On the other hand, “The Virginity Hit” (trailer at the end of the article!) looks like a winner. It chronicles a group of college kids/wannabe filmmakers who document the trials and tribulations of their socially awkward friend as he attempts to lose his virginity. Shot to look like a documentary, I’m sure many teens will gladly fork over to see it thinking, “Wow, this actually happened!” However, if you check out “The Virginity Hit” page on IMDB, you’ll clearly see that the film has writers, the actors have professional headshots/past credits and the film is labeled as a “comedy”, not a “documentary”. It’s obvious from the trailer that it takes nothing seriously, with tongue firmly planted in cheek.
I feel this belongs in the “clever” category as most of it seems staged, except for a few “Borat”-styled moments where clueless bystanders got sucked into the action. This film is perfect for the current market which enjoys lucrative returns for high-concept raunchy comedies. The marketing of “The Virginity Hit” even managed to stir up some controversy by posting billboards in various states with the message, “STILL A VIRGIN? FOR HELP, CALL 888-743-4335 TOLL FREE”. This caused various local politicians to go ballistic, but such a controversy can only help promote the film to intended audiences. This film could be an example of a Hoaxumentary done right.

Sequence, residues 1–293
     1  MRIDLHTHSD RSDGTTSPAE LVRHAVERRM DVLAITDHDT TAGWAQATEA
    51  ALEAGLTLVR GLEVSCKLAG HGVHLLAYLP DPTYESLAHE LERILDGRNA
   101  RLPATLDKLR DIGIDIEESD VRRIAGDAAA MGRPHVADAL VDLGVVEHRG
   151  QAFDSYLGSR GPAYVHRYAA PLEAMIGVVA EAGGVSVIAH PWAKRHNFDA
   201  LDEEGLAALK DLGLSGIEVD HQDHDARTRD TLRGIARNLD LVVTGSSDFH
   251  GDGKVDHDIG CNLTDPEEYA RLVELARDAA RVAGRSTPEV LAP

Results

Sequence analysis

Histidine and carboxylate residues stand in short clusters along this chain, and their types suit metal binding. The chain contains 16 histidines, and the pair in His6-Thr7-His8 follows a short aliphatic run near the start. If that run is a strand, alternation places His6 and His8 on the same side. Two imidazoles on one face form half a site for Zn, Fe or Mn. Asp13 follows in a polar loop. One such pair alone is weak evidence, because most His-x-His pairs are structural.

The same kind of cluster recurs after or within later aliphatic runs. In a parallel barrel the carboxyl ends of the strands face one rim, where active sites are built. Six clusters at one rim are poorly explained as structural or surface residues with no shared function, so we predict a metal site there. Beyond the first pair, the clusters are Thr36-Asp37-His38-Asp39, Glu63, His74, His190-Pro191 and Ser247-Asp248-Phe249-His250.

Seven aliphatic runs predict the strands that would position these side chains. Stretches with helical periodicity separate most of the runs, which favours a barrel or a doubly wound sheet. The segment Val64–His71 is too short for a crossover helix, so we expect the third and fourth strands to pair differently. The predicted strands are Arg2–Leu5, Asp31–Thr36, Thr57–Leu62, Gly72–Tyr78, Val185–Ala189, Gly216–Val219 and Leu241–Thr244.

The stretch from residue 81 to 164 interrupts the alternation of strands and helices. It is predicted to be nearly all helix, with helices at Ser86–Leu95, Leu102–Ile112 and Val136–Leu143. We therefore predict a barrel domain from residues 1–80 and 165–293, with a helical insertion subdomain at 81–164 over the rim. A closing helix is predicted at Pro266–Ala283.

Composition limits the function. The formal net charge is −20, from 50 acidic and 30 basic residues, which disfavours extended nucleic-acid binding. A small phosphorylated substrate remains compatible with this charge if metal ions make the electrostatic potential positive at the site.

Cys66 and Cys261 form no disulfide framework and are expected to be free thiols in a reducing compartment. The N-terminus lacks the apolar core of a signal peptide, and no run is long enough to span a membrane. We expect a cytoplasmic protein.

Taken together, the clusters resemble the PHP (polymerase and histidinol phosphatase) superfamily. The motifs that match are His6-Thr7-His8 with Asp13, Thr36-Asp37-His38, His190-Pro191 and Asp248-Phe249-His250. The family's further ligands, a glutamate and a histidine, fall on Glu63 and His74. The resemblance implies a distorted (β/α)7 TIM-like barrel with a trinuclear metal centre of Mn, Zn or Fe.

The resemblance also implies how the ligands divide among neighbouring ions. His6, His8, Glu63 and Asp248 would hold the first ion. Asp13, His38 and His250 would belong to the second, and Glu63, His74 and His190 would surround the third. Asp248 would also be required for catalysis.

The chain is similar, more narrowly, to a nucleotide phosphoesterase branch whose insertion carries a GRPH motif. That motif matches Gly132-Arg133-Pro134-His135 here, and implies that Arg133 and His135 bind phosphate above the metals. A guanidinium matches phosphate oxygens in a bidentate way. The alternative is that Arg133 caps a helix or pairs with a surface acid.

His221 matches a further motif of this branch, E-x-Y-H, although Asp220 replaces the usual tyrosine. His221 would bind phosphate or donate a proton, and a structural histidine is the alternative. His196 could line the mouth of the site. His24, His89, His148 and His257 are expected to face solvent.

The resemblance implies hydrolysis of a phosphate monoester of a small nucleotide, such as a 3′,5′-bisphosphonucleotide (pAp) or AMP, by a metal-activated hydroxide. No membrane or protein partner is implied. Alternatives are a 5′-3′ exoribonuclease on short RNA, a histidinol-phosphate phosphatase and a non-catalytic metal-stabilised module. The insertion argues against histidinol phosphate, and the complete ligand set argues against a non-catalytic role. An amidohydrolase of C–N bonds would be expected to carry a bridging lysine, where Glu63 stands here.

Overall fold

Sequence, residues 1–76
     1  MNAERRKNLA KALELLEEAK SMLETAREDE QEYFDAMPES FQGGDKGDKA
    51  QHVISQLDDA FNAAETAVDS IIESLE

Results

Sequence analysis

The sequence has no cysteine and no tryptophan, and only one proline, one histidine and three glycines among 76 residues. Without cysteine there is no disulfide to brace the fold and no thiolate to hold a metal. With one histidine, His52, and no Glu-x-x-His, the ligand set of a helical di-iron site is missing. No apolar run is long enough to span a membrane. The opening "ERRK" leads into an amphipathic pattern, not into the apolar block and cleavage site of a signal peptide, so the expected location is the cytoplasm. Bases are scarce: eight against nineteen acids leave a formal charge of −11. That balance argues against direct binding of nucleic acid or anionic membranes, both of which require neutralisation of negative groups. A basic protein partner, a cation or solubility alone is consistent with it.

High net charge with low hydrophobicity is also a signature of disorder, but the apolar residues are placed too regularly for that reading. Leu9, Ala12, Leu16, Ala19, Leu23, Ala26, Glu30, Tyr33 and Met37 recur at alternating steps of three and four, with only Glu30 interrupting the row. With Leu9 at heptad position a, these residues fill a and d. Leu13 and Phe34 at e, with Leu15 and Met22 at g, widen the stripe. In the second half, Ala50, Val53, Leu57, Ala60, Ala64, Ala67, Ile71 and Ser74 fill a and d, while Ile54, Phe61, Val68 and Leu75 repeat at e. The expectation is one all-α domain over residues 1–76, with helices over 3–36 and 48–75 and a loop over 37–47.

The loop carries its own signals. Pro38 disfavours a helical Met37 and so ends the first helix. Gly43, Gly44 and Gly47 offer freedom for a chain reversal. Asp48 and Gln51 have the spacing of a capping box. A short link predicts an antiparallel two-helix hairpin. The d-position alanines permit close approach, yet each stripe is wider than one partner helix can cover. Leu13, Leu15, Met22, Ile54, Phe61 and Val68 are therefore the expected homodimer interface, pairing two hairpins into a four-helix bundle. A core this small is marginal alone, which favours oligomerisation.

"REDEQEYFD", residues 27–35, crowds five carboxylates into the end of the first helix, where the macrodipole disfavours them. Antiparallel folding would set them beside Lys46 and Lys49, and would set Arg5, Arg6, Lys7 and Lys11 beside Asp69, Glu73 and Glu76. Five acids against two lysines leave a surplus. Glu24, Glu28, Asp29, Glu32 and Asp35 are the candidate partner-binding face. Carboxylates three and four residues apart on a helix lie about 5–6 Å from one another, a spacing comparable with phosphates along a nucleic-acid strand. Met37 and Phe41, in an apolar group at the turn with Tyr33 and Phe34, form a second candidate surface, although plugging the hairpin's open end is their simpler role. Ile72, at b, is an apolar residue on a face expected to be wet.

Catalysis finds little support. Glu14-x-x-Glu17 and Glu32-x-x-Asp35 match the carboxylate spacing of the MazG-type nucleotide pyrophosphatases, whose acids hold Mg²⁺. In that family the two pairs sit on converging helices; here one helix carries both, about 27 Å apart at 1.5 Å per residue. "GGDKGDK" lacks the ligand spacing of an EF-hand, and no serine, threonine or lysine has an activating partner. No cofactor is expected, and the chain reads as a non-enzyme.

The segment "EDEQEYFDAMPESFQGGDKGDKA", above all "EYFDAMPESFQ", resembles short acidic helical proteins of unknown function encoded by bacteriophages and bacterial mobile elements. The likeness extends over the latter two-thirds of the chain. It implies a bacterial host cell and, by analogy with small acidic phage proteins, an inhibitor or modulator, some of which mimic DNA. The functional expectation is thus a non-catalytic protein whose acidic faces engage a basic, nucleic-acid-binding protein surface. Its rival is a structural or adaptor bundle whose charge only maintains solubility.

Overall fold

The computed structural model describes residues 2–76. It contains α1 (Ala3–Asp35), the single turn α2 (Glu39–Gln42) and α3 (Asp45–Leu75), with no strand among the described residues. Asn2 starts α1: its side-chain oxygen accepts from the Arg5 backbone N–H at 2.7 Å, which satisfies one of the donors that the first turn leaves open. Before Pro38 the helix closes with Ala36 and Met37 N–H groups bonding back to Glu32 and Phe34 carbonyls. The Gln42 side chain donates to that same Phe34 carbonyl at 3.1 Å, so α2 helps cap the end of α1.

**POTENTIAL SPOILERS IN THE NEXT 2 PARAGRAPHS**
On a darker side of the documentary spectrum comes the inexplicably-titled “Catfish” (trailer at the end of the article!) which documents a guy, Nev, who develops a long-distance online relationship with a woman, Megan, who appears to be the girl of his dreams. The guy tracks the girl down to “surprise” her and ends up learning a sad, disturbing truth about human nature. It sounds like a winner, until you look closely at the trailer. Halfway through the preview I noticed holes in the narrative and behavior of the characters that betrayed the actions of the filmmakers as phony, even if the opposite party wasn’t in on the ruse.